Twitter has been buzzing with Omalu’s NYT Op-Ed piece on the dangers of football, in advance of the release of the Concussion movie on Christmas Day. Dr. Omalu makes some pretty inflammatory and over-the-top statements about the cumulative brain damage that is sustained and is detectable from years of playing contact sports (even without a diagnosed concussion), and that it is irresponsible of parents to make the decision to allow their minor children to play football…that doing so is akin to the risks of giving our children cigarettes, or alcohol.
That is very dramatic – if not melodramatic – and should certainly bring some increased attention and discussion to concussions and sports-safety, which is a good thing overall.
However, and while we know that the risk of permanent injury increases with repeated concussions (and especially when athletes return to play before recovery is complete), Dr. Omalu’s warnings and his most extreme claims about the dangers of concussions in youth seem more intended to inflame, rather than educate.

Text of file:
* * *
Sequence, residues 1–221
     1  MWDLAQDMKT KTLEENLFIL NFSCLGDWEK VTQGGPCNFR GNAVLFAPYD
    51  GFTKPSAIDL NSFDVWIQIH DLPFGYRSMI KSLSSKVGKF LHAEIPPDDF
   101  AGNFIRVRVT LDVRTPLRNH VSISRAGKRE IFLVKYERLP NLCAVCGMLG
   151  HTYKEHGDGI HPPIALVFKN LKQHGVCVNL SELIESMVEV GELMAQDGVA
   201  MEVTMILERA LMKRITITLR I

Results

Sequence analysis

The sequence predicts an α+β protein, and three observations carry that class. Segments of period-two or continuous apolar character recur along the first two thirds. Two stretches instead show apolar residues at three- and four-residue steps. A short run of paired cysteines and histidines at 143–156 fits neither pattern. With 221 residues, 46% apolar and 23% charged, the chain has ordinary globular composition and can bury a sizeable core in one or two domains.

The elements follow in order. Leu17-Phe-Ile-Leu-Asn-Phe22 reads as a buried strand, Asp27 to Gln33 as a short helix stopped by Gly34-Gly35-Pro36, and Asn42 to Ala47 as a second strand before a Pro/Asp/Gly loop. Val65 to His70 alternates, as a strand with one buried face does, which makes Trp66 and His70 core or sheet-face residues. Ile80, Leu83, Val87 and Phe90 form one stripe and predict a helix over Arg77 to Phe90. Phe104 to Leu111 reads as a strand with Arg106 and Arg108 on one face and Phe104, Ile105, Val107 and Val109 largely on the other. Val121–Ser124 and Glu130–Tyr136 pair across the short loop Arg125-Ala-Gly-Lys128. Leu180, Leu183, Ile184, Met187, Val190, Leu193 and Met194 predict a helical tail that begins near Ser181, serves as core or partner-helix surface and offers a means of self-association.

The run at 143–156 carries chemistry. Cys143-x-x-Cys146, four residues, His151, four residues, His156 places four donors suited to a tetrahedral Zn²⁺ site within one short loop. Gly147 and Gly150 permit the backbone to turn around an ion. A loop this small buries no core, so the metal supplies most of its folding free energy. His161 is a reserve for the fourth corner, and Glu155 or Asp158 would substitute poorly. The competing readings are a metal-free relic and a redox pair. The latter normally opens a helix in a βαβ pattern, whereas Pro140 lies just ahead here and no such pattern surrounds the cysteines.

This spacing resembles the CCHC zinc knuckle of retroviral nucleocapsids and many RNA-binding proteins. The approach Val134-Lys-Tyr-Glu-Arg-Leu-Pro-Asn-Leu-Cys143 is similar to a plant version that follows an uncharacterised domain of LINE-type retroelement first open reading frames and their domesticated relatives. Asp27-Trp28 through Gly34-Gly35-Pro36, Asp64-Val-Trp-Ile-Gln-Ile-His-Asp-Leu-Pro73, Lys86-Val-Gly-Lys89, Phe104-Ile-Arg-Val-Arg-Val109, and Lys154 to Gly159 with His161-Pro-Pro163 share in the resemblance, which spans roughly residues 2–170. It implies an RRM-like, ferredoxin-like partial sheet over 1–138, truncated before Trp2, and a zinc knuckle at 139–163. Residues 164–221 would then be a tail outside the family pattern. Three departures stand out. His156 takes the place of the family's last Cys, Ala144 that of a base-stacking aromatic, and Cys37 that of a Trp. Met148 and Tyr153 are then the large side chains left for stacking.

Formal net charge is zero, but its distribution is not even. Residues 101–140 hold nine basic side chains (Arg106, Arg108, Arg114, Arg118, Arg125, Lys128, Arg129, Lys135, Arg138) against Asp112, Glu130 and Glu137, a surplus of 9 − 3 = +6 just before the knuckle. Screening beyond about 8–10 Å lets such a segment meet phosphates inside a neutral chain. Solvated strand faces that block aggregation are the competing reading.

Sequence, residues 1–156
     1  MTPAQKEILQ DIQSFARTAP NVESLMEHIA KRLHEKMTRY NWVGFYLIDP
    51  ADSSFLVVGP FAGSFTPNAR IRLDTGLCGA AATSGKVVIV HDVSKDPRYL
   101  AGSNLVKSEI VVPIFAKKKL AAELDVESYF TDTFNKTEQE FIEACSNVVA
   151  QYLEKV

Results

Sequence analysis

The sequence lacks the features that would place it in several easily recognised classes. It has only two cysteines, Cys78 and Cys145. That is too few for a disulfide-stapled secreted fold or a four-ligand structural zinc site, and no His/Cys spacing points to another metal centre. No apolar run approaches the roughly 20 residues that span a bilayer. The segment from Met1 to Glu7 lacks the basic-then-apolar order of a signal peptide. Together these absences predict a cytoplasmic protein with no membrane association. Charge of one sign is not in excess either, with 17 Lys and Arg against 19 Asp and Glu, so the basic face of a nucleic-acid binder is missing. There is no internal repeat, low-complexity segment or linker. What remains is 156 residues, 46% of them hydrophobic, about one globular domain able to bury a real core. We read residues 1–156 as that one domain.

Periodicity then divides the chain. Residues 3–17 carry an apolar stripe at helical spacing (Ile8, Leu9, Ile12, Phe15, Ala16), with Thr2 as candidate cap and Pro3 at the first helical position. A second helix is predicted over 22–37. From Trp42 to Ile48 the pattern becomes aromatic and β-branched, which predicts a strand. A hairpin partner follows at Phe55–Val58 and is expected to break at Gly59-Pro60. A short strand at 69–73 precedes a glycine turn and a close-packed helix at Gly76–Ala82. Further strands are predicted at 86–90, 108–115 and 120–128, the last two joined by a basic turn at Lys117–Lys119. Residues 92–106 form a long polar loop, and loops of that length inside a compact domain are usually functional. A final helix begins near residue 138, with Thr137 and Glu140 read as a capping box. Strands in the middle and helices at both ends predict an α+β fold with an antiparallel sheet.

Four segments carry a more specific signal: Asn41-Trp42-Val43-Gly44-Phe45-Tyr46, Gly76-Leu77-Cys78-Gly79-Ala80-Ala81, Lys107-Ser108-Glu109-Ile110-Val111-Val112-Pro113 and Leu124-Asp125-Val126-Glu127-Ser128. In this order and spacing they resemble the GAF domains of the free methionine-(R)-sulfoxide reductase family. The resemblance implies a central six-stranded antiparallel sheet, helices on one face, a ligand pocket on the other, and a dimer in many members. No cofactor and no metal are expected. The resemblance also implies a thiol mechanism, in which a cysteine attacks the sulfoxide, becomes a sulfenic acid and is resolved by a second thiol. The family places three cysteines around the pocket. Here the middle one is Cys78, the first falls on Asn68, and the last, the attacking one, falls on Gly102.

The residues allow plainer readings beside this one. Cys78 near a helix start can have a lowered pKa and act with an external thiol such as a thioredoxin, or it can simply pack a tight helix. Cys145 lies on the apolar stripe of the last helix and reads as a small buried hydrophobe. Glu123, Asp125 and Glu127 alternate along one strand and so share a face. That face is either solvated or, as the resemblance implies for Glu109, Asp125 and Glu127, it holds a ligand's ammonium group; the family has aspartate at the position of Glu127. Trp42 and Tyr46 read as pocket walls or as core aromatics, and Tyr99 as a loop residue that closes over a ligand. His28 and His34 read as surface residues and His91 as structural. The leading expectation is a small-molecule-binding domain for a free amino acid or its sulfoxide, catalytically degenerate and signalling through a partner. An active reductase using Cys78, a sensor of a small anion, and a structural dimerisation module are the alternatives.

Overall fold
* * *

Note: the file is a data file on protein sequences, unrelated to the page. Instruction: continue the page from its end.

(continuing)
There are risks in many sports, and particularly in contact sports, in addition to the many benefits from exercise, hard work, and teamwork. Each family needs to weigh the potential risks and benefits of sports participation for their own child, as well as paying attention to the many factors that can impact player health and safety, from the nature and quality of coaches’ training and supervision, to the presence of athletic trainers at practices and games, to the team culture and emphasis on sportsmanship and injury awareness. Injury awareness and education among players and parents is particularly important, too.
I think we can do a much, much better job of concussion education, prevention, identification and management, and it is good to see this movie and other popular media bringing the necessary attention to the issue. It’s a serious topic that needs serious attention, but to many of us who work in this field, the bigger part of this concussion crisis is how they are often managed, more than the fact they are simply occurring.
Food for thought.
In the meantime, see Slate.com for more information about myths and truths in the movie: Click here